In a Facebook post, the 911 Council identified the problem as a "software conflict." The post also called the situation an "outage," but the word was later edited out.

Abbott on Monday repeated the explanation, but said the disruption didn't appear to be the result of a cyberattack.

AT&T is a major vendor for the state's 911 system. On Monday, a company spokesperson said that service was restored after a brief technical issue.

Audit warned of outages

Kansas emergency officials have been warned before about the potential for 911 problems—and at least two episodes in multiple years have demonstrated the system's vulnerabilities.

A 2018 audit commissioned by the Legislature's auditing operation, called the Division of Post Audit, found that 62 percent of emergency dispatch centers reported experiencing system down time. The audit also detailed two major outages that disrupted 911 service in dozens of counties.

"Based on survey responses and council interviews it was apparent large outage events have impacted the statewide platform," the audit report said.

On Jan. 27, 2018, a farmer placing fence post near Manhattan cut a fiber that ultimately affected 28 dispatch centers because of other maintenance problems that occurred around the same time. The audit noted that calls were rerouted to administrative lines during repairs.

On June 30, 2017, a problem during equipment maintenance also affected 28 centers. The audit said calls were successfully rerouted during the disruption, which lasted three and a half hours, but that eight centers experienced issues while using backup systems.

"Though corrective action has been taken to mitigate either event from happening again it should also be noted that system design does not eliminate the risk of future outages impacting multiple (centers)," the report said.

The audit report all but warned Kansas to expect future problems. In a "perfect world," the report said, 911 systems should also have just 5 minutes of downtime per year, a standard known as 5-9.

"With the Kansas state platform on a single network the system should not be expected to perform at a 5 nine standard," the report said.

Still, Abbott said Monday the Kansas 911 system's target is 5-9. Asked if an interconnected system creates concerns about vulnerabilities from a single failure, Abbott called it a "good question."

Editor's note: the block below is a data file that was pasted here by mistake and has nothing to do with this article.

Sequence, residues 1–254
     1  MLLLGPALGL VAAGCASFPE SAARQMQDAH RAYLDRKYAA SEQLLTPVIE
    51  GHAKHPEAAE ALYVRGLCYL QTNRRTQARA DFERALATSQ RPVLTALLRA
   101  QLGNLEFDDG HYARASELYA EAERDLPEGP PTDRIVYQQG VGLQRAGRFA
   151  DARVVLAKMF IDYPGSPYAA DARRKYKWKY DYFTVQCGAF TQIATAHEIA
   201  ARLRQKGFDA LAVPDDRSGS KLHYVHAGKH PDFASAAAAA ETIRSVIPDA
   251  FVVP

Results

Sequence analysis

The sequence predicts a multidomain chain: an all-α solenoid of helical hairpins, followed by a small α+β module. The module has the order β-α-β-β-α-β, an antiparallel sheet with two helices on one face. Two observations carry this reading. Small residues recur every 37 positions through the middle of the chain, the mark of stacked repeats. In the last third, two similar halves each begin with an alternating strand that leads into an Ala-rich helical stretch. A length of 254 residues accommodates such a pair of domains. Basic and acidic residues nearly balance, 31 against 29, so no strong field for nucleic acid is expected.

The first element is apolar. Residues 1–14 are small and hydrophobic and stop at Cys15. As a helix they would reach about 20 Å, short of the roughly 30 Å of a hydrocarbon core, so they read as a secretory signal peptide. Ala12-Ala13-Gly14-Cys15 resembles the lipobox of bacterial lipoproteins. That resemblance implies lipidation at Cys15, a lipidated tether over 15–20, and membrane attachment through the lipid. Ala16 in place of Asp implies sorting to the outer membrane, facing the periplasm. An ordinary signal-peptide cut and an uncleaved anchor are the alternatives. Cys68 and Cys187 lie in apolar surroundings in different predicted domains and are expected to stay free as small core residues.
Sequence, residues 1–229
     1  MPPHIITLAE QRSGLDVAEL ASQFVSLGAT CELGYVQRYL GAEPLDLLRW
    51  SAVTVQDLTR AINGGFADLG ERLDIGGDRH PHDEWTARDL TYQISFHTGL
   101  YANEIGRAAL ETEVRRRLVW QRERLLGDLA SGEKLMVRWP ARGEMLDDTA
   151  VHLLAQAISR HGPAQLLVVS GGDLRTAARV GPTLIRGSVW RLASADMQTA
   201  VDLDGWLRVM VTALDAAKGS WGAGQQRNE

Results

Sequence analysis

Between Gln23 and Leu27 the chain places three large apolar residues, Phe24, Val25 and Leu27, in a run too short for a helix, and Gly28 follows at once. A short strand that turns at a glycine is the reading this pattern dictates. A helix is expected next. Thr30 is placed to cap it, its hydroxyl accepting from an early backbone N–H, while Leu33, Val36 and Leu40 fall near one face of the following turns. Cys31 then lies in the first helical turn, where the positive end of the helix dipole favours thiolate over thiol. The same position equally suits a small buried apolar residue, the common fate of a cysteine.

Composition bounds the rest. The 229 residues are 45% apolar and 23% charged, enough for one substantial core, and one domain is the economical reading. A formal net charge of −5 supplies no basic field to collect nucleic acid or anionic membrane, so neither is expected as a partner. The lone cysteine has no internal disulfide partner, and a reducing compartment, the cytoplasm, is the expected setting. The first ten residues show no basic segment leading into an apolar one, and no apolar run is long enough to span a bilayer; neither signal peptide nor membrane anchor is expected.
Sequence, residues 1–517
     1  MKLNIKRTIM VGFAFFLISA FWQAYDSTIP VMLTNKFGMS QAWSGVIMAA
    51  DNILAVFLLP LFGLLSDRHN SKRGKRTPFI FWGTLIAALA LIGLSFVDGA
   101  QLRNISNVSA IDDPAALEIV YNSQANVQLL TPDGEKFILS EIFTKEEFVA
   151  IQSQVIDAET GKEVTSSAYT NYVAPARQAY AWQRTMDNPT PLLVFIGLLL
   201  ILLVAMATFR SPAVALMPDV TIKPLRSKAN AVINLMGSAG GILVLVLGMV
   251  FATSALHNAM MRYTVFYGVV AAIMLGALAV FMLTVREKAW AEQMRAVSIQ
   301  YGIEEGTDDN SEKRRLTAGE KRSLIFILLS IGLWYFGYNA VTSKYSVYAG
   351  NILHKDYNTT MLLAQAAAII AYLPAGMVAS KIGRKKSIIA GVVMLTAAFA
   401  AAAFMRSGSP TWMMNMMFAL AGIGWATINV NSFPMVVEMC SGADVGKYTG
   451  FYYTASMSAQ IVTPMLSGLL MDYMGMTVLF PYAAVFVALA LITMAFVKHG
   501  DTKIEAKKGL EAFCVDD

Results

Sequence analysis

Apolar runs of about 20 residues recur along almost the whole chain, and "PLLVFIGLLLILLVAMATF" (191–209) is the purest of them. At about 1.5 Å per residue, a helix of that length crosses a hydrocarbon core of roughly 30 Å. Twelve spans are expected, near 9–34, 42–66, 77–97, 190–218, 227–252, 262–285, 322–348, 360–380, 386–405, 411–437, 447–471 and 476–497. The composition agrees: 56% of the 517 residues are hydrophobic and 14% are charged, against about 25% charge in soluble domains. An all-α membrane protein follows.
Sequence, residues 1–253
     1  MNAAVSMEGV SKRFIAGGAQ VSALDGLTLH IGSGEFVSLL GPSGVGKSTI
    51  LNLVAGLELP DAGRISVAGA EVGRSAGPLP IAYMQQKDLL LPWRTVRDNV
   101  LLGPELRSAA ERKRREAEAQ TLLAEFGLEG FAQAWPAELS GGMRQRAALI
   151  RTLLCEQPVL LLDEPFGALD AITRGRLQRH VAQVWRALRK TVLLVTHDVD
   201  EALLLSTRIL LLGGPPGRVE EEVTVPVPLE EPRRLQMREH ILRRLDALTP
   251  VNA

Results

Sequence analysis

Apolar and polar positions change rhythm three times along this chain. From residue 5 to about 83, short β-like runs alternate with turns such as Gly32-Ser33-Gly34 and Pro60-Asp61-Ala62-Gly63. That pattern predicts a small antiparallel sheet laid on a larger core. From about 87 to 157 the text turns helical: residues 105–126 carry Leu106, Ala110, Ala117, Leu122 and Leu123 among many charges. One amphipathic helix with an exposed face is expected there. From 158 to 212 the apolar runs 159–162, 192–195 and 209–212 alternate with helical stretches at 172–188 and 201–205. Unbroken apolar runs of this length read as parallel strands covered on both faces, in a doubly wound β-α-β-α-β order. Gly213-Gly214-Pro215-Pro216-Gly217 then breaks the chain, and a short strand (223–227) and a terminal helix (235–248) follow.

"Every single time there is an issue, we create redundant means to correct that moving forward," Abbott said.

Brandon Abley , technical issues director at the National Emergency Number Association, said old 911 systems are far more vulnerable than next generation systems. But much of the country is still transitioning to next generation systems, a position that leaves systems the most susceptible to problems.

"You're vulnerable to both kinds of failures and you're vulnerable to special failures," Abley said.

'Real consequences'

Sunday's failure has led to expressions of concern from state and local officials, who say the problem, which still isn't exactly clear, must be prevented from reoccurring.

Gov.  Laura Kelly  told reporters she was "obviously concerned something like that could happen." She said the Kansas Division of Emergency Management is working with local officials to identify the cause and ensure it doesn't happen again.

Sedgwick County Commissioner  David Dennis  said having a reliable, and always working, 911 line is "critical" to the Wichita area. That's why the state's 911 Coordinating Council was originally created, he said.

"That's the whole purpose of this large coordinating council is if somebody goes down, others can pick it up," Dennis said. "But I don't know if that was possible because it was an AT&T problem; it wasn't our problem, so I don't know if we were able to transfer our 911 functions to someone else."

Wichita Mayor  Brandon Whipple  said the city, county and state should work together to make sure an outage doesn't happen again — and need a strategy for what to do if it does.

"Our attitude shouldn't be that this is so rare that we shouldn't worry about it, but instead we should acknowledge that there's real consequences when it does happen, even if it's rare, so we have a better plan in place," Whipple said.

(c)2020 The Kansas City Star (Kansas City, Mo.). Distributed by Tribune Content Agency, LLC.